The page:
Suzyn Waldman is recognized as the first woman to hold a full-time major league broadcasting job.
"I can do anything by myself," said Waldman, who has called New York Yankees games on the radio with John Sterling since 2005. "I don't need people."
Her attitude was altered when she was diagnosed with breast cancer in 1996.
"You can't do it by yourself," she said. "It helps other women to see who's out here."
Waldman is one of several judges for Major League Baseball's Honorary Bat Girl Contest. Starting today, Valentine's Day, fans who have been affected by breast cancer, either themselves or by a family member or friend, can share their stories relating to the disease and vote for their favorite testimonials through April 14.
Among the submissions, Waldman and other celebrity judges will select 30 winners (one per team) who will be honored on Mother's Day (May 8). If the winner's favorite team is away on May 8, another May game will be chosen for the honors.
"You think you're alone," Waldman said. "Family members are wonderful, but it's not the same as someone who has has gone through it. The mental aspect of this is awfully important."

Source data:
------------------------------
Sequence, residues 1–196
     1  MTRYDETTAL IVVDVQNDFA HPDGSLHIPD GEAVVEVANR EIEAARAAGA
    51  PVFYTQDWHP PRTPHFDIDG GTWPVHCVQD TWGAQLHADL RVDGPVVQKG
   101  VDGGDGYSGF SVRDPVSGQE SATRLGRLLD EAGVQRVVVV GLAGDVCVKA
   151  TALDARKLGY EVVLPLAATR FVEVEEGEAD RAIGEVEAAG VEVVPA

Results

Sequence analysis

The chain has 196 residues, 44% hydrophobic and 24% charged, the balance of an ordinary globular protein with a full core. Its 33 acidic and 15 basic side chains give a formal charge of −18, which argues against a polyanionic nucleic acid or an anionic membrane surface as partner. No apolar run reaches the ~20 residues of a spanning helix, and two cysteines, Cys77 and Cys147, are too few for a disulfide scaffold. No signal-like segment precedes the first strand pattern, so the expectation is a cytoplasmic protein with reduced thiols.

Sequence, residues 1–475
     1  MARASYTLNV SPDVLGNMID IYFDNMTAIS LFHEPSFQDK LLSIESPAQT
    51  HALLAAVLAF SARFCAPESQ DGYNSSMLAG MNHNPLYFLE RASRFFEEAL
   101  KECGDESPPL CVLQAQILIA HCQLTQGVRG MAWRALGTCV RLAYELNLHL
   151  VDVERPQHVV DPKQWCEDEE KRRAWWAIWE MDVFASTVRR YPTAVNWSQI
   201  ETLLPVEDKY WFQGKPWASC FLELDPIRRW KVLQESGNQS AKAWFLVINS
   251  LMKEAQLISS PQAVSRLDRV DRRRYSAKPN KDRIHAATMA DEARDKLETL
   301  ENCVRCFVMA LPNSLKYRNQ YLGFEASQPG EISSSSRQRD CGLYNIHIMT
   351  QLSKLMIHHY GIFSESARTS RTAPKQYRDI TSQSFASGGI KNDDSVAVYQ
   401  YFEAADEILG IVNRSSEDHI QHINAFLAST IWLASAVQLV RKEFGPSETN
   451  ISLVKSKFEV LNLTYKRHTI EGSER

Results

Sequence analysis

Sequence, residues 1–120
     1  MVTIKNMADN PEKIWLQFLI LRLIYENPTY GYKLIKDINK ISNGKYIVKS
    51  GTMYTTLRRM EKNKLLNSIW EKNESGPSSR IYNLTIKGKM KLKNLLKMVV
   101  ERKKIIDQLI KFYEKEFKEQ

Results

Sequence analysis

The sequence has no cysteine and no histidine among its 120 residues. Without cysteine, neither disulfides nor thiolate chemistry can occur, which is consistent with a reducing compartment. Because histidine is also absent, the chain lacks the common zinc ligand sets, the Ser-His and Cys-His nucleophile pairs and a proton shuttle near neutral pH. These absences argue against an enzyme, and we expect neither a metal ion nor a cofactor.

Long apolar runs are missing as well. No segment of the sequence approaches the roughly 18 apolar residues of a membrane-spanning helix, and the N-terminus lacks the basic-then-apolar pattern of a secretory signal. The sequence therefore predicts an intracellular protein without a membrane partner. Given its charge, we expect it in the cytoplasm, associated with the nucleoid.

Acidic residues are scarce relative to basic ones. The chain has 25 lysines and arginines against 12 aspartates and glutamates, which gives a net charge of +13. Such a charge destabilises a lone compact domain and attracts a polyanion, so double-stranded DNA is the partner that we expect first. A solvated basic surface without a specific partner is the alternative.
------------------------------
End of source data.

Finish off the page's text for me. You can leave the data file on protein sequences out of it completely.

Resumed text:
Waldman, who has covered the Yankees for WFAN radio or the YES Network since 1987, said she drew strength from former Yankees manager Joe Torre, pitching coach Mel Stottlemyre and outfielder Darryl Strawberry, who have dealt with different forms of cancer.
She also was helped by letters from fans -- one woman with whom she is still close today -- and the Yankees, who provided her with refrigerators to store her medication in hotel rooms. She went through chemotherapy but missed very little time away from the team, figuring someone would take her job if she missed too many games.
"Everyone was great once they realized I wasn't going way," she said. "You have to keep going. You didn't have a choice."
According to Susan G. Komen for the Cure, which has partnered with Major League Baseball for the Honorary Bat Girl campaign, it was estimated that among U.S. women in 2010, there would be 207,090 new cases of invasive breast cancer and 39,840 breast cancer deaths. Among the other judges: Red Sox pitcher Jon Lester, a lymphoma survivor; Angels pitcher Jered Weaver, whose mother is a breast cancer survivor; and Twins DH Jim Thome, whose mother died from lung cancer.
In two years, about 2,000 testimonials have been submitted and more than 6 million votes have been cast for this initiative.
"Women love baseball and the fact that they can get on the field," Waldman said. "Last year (Yankees manager) Joe Girardi had the winner bring out the lineup card."